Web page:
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May 8, 1996

ERNEST L. ALSTON, Plaintiff, against TERRY HOWARD, Nurse at Green Haven Podiatry Clinic; DR. ORGAN, Head Podiatry of Green Haven Correctional Facility, Defendants.

The opinion of the court was delivered by: SPRIZZO



 Pursuant to 42 U.S.C. ยง 1983, plaintiff Ernest L. Alston, acting pro se, brings the above-captioned action against Nurse Terry Howard and Dr. Philip Organ, claiming that defendants violated his constitutional rights to equal protection and to be free from cruel and unusual punishment by refusing to prescribe "high performance" footwear to remedy his ankle injury. *fn1" Pursuant to Federal Rule of Civil Procedure 56, defendants move for summary judgment on the grounds that plaintiff has failed to state a constitutional claim and that defendants are protected by qualified immunity.


 At the Green Haven Correctional Facility in New York ("Green Haven"), each inmate is issued one pair of ankle-high sneakers and six inch leather boots. See Affidavit of Philip Organ Sworn to August 4, 1995 ("Organ Aff.") P 8. The New York State Department of Correctional Services ("DOCS") directives and Green Haven policy govern all requests for state shop boots and sneakers and provide that inmates are entitled to a new pair of sneakers every nine months and a new pair of boots every year. Id. ; Defendants' Notice of Motion ("Defs.' Not. Mot."), Ex. B. The inmate is responsible for pursuing any issues regarding state-issued footwear. Organ Aff. P 8. An inmate who needs or desires special footwear accommodations or new footwear must make a request to the state shop, which determines whether to issue new footwear to the inmate. Id.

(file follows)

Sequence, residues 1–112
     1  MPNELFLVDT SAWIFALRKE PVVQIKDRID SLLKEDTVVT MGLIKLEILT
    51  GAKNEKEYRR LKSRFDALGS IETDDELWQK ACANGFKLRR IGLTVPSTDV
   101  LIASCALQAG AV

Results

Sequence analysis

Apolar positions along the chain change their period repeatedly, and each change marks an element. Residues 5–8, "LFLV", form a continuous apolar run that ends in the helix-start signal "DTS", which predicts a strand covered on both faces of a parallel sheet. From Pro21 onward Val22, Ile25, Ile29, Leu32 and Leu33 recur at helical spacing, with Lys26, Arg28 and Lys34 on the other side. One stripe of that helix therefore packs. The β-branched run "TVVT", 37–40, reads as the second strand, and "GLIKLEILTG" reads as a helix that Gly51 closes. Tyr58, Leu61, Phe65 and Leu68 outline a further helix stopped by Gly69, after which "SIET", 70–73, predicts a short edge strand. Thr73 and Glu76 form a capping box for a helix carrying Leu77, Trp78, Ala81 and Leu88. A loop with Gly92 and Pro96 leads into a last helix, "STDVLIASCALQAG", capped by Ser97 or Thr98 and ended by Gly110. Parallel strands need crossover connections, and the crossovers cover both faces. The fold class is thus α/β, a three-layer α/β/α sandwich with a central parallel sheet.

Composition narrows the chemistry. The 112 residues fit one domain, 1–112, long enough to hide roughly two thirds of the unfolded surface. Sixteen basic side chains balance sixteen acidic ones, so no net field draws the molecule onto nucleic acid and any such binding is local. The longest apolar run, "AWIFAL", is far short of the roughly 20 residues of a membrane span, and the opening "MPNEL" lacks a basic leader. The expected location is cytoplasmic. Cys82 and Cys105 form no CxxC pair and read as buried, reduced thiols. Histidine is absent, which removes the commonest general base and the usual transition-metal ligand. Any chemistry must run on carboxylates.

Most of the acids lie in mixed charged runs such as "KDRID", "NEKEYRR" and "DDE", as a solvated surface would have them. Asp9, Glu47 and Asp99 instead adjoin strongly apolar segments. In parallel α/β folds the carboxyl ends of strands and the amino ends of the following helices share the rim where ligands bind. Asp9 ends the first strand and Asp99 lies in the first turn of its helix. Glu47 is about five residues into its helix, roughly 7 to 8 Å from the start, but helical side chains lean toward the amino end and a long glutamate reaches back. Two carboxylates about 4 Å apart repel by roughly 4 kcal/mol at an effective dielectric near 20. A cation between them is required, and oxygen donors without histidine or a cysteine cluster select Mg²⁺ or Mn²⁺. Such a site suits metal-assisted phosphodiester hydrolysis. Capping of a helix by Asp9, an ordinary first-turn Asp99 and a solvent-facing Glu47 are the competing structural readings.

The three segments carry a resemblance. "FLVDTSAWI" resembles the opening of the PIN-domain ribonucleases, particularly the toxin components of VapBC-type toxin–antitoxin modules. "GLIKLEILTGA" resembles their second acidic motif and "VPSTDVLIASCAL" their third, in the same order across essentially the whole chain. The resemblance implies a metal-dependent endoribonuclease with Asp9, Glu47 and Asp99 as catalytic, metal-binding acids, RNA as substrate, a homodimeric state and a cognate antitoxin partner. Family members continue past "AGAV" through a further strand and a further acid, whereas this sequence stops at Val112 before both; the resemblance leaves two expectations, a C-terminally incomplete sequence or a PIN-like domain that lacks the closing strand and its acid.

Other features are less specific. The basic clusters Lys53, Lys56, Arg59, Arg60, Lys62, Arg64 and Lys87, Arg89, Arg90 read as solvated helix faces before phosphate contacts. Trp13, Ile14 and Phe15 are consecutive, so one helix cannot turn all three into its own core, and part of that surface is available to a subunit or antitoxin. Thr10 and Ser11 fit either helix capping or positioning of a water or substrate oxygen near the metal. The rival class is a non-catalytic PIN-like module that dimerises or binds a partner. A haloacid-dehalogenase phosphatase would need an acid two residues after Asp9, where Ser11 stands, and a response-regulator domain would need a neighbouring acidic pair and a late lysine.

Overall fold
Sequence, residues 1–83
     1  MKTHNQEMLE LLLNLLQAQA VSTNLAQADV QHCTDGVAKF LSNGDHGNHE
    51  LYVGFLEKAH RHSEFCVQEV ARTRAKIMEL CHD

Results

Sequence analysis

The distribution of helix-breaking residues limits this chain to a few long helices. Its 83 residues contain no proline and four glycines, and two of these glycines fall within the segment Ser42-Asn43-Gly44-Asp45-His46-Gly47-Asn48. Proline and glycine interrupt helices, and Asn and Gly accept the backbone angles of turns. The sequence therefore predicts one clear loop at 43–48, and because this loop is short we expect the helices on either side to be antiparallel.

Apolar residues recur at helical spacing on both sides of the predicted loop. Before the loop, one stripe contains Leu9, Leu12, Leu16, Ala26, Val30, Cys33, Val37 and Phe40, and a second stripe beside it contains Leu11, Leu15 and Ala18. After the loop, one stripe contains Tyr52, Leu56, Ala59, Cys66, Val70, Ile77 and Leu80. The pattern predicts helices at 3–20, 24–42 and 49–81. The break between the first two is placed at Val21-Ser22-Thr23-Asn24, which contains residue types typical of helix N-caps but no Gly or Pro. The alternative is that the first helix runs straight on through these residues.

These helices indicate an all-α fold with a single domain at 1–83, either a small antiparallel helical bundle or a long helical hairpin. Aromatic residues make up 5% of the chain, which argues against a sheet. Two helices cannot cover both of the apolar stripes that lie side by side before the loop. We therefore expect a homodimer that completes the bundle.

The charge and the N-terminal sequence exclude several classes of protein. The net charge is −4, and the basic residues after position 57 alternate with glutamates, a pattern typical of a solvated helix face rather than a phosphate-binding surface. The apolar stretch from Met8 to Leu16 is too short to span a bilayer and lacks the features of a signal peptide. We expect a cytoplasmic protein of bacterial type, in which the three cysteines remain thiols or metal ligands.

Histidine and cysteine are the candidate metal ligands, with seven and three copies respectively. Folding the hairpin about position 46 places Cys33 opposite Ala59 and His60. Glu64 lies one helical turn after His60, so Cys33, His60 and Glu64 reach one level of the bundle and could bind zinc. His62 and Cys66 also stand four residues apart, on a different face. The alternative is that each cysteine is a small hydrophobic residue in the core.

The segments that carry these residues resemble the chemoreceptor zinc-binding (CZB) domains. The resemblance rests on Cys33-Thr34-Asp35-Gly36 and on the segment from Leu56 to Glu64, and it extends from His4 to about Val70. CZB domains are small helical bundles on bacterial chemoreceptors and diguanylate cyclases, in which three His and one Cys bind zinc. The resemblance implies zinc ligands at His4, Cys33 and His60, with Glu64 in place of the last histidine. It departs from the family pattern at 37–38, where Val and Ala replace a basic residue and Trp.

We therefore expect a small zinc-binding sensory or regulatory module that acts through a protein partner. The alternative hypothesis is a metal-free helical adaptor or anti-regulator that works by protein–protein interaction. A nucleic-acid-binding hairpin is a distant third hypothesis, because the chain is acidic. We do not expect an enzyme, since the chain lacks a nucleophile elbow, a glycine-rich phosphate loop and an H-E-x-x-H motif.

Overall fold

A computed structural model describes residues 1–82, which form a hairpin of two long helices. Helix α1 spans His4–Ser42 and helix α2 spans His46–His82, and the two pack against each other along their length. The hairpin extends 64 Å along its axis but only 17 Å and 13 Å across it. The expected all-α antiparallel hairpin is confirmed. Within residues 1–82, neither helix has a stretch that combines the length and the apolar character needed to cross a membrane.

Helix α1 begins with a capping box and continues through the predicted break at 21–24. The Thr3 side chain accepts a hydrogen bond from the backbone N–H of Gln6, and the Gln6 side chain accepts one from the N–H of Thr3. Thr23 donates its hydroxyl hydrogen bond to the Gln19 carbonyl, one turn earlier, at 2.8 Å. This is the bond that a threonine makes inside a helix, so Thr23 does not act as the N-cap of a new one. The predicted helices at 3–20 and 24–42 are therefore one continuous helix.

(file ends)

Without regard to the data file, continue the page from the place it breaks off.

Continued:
In some instances, inmates are recommended for special boots and sneakers, which are generally referred to as "high performance" boots and sneakers and are highly prized by inmates. Id. P 9. High performance footwear, also known as "high top" footwear, fit above the ankle. See Deposition of Ernest L. Alston ("Alston Dep."), attached as Ex. C to Defs.' Not. Mot., at 43. High performance footwear are of higher quality construction than standard issue footwear but are not specially made or designed and have little therapeutic value. See Organ Aff. P 9. In contrast, orthopedic footwear is made from a cast of the patient's foot and is constructed at special laboratories. Id. In addition, orthopedic footwear is specially made for a patient whose foot problem generally cannot be treated by medical or surgical means. Id.